Specifically, C-37 will allow border officers to open international mail weighing under 30 grams, which they cannot currently do. In the context of this change, consider that one standard size mail envelope – 30 grams – can contain enough fentanyl to cause 15,000 overdoses.

I will repeat that fact. One envelope can contain enough fentanyl to cause 15,000 overdoses. This legislation would allow the search of such envelopes, which cannot currently occur. Taking even one of these packages off the streets can prevent numerous overdose deaths in Canada.

In addition, Bill C-37 will prohibit the unregistered importation of pill presses and encapsulators, which can be used to make counterfeit drugs.

I am a senator designated for Ottawa. This is my community, and I feel a special responsibility to the people of this city. So in this context, I would be remiss not to mention the heart wrenching loss of Chloe Kotval in Kanata last month. Chloe was 14 years old, a grade 9 student. She overdosed on counterfeit prescription pills laced with fentanyl. So it is not surprising that hundreds of parents packed a pair of meetings in February in Kanata to learn how to administer naloxone, an opioid antidote.   

Chloe’s story is becoming all too common and parents across Canada are afraid. If my son and his friends were in high school with these pills going around, I would be scared too. No community, no demographic, is safe from this scourge, and I will repeat for emphasis that the stakes could not be higher.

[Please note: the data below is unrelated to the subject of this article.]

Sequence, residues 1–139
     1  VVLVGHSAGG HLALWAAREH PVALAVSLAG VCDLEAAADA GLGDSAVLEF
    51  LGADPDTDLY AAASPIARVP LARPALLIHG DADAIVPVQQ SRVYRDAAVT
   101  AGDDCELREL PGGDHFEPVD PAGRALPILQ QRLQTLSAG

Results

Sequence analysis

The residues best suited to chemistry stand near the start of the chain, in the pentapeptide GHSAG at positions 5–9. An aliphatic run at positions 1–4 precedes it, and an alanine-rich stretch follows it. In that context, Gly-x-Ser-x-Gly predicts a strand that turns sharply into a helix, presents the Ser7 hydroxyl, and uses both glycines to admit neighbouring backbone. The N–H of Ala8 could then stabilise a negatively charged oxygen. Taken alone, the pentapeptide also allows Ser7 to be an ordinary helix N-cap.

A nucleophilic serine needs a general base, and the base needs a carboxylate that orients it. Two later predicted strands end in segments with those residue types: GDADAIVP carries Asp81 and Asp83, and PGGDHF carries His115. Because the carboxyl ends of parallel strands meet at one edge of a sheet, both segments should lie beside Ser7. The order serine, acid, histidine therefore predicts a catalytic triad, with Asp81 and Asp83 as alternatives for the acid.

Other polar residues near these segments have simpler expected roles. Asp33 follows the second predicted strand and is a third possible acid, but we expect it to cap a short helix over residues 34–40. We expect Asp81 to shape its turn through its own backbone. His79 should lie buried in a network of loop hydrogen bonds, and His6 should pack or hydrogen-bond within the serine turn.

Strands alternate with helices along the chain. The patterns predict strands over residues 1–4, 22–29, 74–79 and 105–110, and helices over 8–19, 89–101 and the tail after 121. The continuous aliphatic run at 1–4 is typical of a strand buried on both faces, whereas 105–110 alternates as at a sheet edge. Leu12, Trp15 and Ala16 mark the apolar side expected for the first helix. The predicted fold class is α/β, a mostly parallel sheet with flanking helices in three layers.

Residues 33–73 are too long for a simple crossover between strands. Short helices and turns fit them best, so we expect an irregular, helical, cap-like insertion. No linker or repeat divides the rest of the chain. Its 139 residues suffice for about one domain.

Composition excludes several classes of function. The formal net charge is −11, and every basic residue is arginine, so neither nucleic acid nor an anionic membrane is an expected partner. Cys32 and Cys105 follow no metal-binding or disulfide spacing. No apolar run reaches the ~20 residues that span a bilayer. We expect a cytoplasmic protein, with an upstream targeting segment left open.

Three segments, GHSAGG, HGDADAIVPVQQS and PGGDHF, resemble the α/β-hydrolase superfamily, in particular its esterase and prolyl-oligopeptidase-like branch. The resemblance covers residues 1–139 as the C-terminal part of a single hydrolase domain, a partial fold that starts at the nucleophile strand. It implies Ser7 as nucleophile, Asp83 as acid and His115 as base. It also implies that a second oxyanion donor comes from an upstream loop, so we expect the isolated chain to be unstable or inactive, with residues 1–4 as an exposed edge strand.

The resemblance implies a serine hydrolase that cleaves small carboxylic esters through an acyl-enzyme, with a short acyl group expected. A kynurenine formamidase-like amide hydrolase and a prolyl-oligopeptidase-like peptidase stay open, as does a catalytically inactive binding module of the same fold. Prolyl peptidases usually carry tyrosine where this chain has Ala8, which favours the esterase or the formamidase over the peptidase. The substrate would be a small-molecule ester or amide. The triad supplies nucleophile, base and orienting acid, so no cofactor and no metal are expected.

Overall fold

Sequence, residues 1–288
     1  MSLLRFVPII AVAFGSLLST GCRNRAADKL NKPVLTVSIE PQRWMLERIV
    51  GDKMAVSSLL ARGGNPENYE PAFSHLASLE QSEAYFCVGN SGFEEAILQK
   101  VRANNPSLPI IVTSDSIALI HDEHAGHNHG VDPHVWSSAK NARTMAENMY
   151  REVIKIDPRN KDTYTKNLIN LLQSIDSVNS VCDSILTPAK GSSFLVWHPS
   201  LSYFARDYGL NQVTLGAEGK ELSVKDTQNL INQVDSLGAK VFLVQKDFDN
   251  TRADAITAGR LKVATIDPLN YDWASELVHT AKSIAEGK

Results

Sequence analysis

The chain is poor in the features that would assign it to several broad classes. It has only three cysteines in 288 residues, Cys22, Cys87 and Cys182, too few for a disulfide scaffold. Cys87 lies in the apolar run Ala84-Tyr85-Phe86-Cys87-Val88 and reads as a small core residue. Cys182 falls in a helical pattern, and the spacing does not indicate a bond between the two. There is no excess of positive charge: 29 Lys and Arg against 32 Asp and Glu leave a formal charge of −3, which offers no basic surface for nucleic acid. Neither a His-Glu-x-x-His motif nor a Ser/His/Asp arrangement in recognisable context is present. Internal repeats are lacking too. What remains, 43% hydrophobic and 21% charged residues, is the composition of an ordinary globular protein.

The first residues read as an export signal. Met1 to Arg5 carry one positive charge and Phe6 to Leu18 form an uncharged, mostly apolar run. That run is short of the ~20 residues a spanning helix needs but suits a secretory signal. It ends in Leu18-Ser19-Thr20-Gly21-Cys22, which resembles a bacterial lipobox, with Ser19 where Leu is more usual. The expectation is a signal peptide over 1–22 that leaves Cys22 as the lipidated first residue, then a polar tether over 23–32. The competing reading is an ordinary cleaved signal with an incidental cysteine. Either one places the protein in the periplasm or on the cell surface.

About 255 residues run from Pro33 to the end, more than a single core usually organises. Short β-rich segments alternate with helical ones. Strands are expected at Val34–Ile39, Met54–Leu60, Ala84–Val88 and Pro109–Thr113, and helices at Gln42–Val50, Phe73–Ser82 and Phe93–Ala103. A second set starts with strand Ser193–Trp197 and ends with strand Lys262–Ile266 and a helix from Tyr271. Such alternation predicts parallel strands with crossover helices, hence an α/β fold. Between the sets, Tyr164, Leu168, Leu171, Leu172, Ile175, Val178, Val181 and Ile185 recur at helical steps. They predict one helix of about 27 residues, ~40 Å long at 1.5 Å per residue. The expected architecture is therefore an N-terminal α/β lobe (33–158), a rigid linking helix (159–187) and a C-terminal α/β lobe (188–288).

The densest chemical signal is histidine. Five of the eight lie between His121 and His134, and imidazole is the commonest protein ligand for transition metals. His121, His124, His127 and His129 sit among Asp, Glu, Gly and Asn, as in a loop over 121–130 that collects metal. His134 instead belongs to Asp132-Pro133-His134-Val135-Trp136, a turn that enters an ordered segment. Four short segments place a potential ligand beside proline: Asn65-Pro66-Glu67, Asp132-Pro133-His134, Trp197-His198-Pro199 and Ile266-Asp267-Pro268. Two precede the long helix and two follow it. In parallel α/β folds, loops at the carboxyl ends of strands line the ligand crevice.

Bill C-37 contains other important measures to prevent the deaths and harms associated with the opioid crisis. The bill creates administrative penalties for the over 600 licenced dealers who manufacture, sell and distribute controlled substances, to reduce the risk of diversion of controlled substances.

Bill C-37 also streamlines the approval process for establishing supervised consumption sites by reducing 26 application criteria with five factors outlined by the Supreme Court of Canada in its 2011 ruling on Insite. Evidence shows that these sites save lives and improve health without harming surrounding communities. This too is a vitally important change. Last year in British Columbia alone, more than 900 people died from a drug overdose – an 80 % increase from 2015. The people using these sites are among society’s most marginalized and vulnerable persons.

Because C-37 will help save them from death by overdose, the bill is also a strong moral statement that in Canada, everyone matters.

Honourable senators, again I would thank Senator Dagenais for having spoken to Bill C-37 so quickly. And again I would state that we must not adjourn second reading on this legislation beyond this week. We must send C-37 to committee this Thursday at the very latest. In doing so, we must adopt this bill on principle, and allow the next two weeks as time to prepare for committee study. Senators and their staff may also use that time to prepare for any remarks at third reading. To delay any further with adjournments would be indefensible to Canadians. Opioid overdoses are a crisis, and every day matters. Lives are at stake. The Senate must act quickly. Thank you.